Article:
This week TRW Inc. named the winner of a contest that has a prize worth more than $1 million. Although the competition attracted a good number of entrants, not everybody thinks it was such a swell idea.
TRW asked architecture firms to compete against each other for the job of designing its new world headquarters in Lyndhurst, Ohio, a Cleveland suburb. A seven-member selection committee considered 50 or so candidates and came up with four finalists, each of which submitted a plan for the building.
"All of the final eight were very good," said Jack Gearhart, who headed the committee and is in charge of the headquarters project. "It was extremely difficult to select the final four." The winner: Fujikawa Conterato Lohan & Associates in Chicago.
The practice of architects entering organized competitions to win the right to design public projects is a long-accepted exercise. But now a growing number of corporations, such as TRW, are holding competitions of their own. It's a switch from the "old days, when companies called and said, 'Would you like to do our job?'" says Timothy L. Horn, an architect with Brubaker/Brandt Inc., a Columbus, Ohio, firm that was a finalist in the TRW competition.
Some architects aren't as enthusiastic about corporate competitions as the corporations are, however. "Generally speaking, we don't like them," said a member of a leading architectural firm. That's partly because architects must invest a lot of time and money drawing up sketches and making scale models of corporate buildings without any guarantee that the client will select their work. (Clients usually fund only a small portion of an architect's expense for these sketches and models, which can range from $60,000 to $100,000.)
Mark Cameron, marketing manager of The Architects Collaborative, a Cambridge, Mass., firm, says architectural competition "are the worst way we can spend our marketing dollar" because of "the gamble we take." Still, his firm entered and won the 1973 competition to design Johns-Manville Co.'s corporate headquarters near Denver.
The risks also haven't deterred Fujikawa Conterato Lohan & Associates, which won the McDonald's Corp. headquarters competition in 1978. Melvin J. Wilson, an associate, says his firm overspent by a healthy sum the $40,000 allowance TRW gave each finalist. But he says the contract will be worth "certainly more than $1 million and probably closer to $2 million."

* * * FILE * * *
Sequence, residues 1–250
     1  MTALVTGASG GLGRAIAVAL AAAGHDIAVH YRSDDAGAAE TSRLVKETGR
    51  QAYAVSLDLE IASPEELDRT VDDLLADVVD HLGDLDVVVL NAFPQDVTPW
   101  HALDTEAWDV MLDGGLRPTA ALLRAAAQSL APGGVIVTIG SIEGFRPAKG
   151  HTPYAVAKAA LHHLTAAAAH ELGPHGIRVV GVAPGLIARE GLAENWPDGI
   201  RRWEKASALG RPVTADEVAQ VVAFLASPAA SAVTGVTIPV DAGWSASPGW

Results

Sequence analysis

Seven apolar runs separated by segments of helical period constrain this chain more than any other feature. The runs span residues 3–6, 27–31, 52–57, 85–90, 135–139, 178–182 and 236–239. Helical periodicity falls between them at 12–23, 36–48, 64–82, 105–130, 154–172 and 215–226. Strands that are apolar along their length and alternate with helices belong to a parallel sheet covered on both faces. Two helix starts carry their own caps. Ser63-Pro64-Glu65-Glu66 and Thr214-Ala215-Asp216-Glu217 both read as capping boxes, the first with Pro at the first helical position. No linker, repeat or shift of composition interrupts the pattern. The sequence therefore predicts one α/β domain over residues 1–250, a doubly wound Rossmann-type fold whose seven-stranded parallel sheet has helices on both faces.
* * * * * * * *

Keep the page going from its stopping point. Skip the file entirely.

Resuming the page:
Beyond the expense involved, some architects consider the competitions degrading. "Companies wouldn't ask lawyers or doctors to give them a sample of their work for nothing," says Cameron of The Architects Collaborative. "When you start handing it out for free, you defeat the purpose of handling the work on a professional level."
Corporations see nothing wrong with competitions, however. TRW, for example, must submit designs of electronic and aerospace systems to government contractors when it bids competitively for space and defense work. Gearhart says TRW finds that this type of competition "enhances creativity." It also gives the winner access to the losers' designs, from which they can pick and choose ideas.
One advantage of a competition is that it gives a company more of a say in the design process. Arco Chemical Co., a division of Atlantic Richfield Co., held an architects' competition three years ago to select the firm to design its research and engineering center on a 313-acre parcel of land about 15 miles west of Philadelphia.
The Arco chemical site is surrounded by large estates and contains a wide belt of woods, a couple of meadows and several stone cottages. "We didn't buy that piece of land to have an ordinary thing put on it," says Peter A. Zambelli, an Atlantic Richfield public affairs manager and a member of the final selection committee. But, he adds, "You'd be surprised at the number of architects that wiped out the site and essentially said, 'Here's your monument to me.'"
Davis, Brody & Associates, the architect arco Chemical selected, "had the greatest sensitivity to the site," Zambelli said. Employes can look out the center's windows and enjoy a sense of daylight and a sense of vista." Davis, Brody also was a finalist in the TRW competition.
It isn't likely, however, that corporation competitions will become the standard way that companies select a designer. Although more companies are turning to them, cost is a limiting factor.
"It's easy to get a quarter- to a half-million dollars tied up in administering and holding a competition," says David O. Meeker, president of the American Institute of Architects. Consequently, he says, competitions will be restricted to major buildings of companies with "very, very substantial economic bases, and ones who want to make a strong architectural statement about their corporation."